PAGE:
Gallagher, S. Winston, S.E., Fuller, S.A., and Hurrell, J.G.R. 2008. Immunoblotting and immunodetection. Curr. Protoc. Mol. Biol. 83:10.8.1‐10.8.28.
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  Kalyanaraman, B., Darley‐Usmar, V., Davies, K.J., Dennery, P.A., Forman, H.J., Grisham, M.B., Mann, G.E., Moore, K., Roberts, L.J., 2nd, and Ischiropoulos, H. 2012. Measuring reactive oxygen and nitrogen species with fluorescent probes: Challenges and limitations. Free Radic. Biol. Med. 52:1‐6. doi: 10.1016/j.freeradbiomed
  Khoo, N.K., Cantu‐Medline, N., Fleming, A.M., Champion, H.C., Devlin, J.E., Watkins, S., Mason, R.P., Freeman, B.A., and Kelley, E.E. 2012. Obesity‐induced tissue free radical formation: An immunospin trapping study. Free Radic. Biol. Med. 52:2312‐2319. doi: 10.1016/j.freeradbiomed
  Kojima, C., Ramirez, D.C., Tokar, E.J., Himeno, S., Drobna, Z., Styblo, M., Mason, R.P., and Waalkes, M.P. 2009. Requirement of arsenic biomethylation for oxidative DNA damage. J. Natl. Cancer Inst. 101:1670‐1681. doi: 10.1093/jnci/djp414
  Mason, R.P. 2004. Using anti‐5,5‐dimethyl‐1‐pyrroline N‐oxide (anti‐DMPO) to detect protein radicals in time and space with immuno‐spin trapping. Free Radic. Biol. Med. 36:1214‐1223. doi: 10.1016/j.freeradbiomed.2004.02.077.
  Narwaley, M., Michail, K., Arvadia, P., and Siraki, A.G. 2011. Drug‐induced protein free radical formation is attenuated by unsaturated fatty acids by scavenging drug‐derived phenyl radical metabolites. Chem. Res. Toxicol. 24:1031‐1039. doi: 10.1021/tx200016h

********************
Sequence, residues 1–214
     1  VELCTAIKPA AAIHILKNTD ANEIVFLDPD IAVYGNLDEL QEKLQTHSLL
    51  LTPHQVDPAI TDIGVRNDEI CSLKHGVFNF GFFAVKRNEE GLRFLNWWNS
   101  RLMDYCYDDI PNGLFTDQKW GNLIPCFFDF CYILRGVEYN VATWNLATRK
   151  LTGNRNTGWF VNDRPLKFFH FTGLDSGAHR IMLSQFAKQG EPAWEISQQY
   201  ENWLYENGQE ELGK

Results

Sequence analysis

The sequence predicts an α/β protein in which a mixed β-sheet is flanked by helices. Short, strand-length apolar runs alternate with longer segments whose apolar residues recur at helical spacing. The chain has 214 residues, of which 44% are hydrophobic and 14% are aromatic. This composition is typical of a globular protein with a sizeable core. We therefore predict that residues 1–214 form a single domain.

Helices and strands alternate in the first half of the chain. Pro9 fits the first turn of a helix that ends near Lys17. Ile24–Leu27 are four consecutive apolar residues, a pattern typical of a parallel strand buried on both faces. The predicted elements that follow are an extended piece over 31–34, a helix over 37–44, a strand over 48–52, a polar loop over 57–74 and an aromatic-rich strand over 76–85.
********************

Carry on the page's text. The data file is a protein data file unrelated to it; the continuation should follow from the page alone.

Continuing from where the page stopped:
Siraki, A.G., Deterding, L.J., Bonini, M.G., Jiang, J., Ehrenshaft, M., Tomer, K.B., and Mason, R.P. 2008. Procainamide, but not N‐acetylprocainamide, induces protein free radical formation on myeloperoxidase: A potential mechanism of agranulocytosis. Chem. Res. Toxicol. 21:1143‐1153. doi: 10.1021/tx700415b
  Smith, C.L. 2011. Basic confocal microscopy. Curr. Protoc. Neurosci. 56:2.2.1‐2.2.18.
  Stadler, K., Bonini, M.G., Dallas, S., Duma, D., Mason, R.P., and Kadiiska, M.B. 2008. Direct evidence of iNOS‐mediated in vivo free radical production and protein oxidation in acetone‐induced ketosis. Am. J. Physiol. Endocrinol. Metab. 295:E456‐E462. doi: 10.1152/ajpendo.00015
  Tarpey, M.M. and Fridovich, I. 2001. Methods of detection of vascular reactive species: Nitric oxide, superoxide, hydrogen peroxide, and peroxynitrite. Circ. Res. 89:224‐236.
  Tarpey, M.M., Wink, D.A., and Grisham, M.B. 2004. Methods for detection of reactive metabolites of oxygen and nitrogen: In vitro and in vivo considerations. Am. J. Physiol. Regul. Integr. Comp. Physiol. 286:R431‐R444. doi: 10.1152/ajpregu.00361.2003.
  Watkins, S. 2009a. Cryosectioning. Curr. Protoc. Cytom. 48:12.15.1‐12.15.7.
  Watkins, S. 2009b. Immunohistochemistry. Curr. Protoc. Cytom. 48:12.16.1‐12.16.10.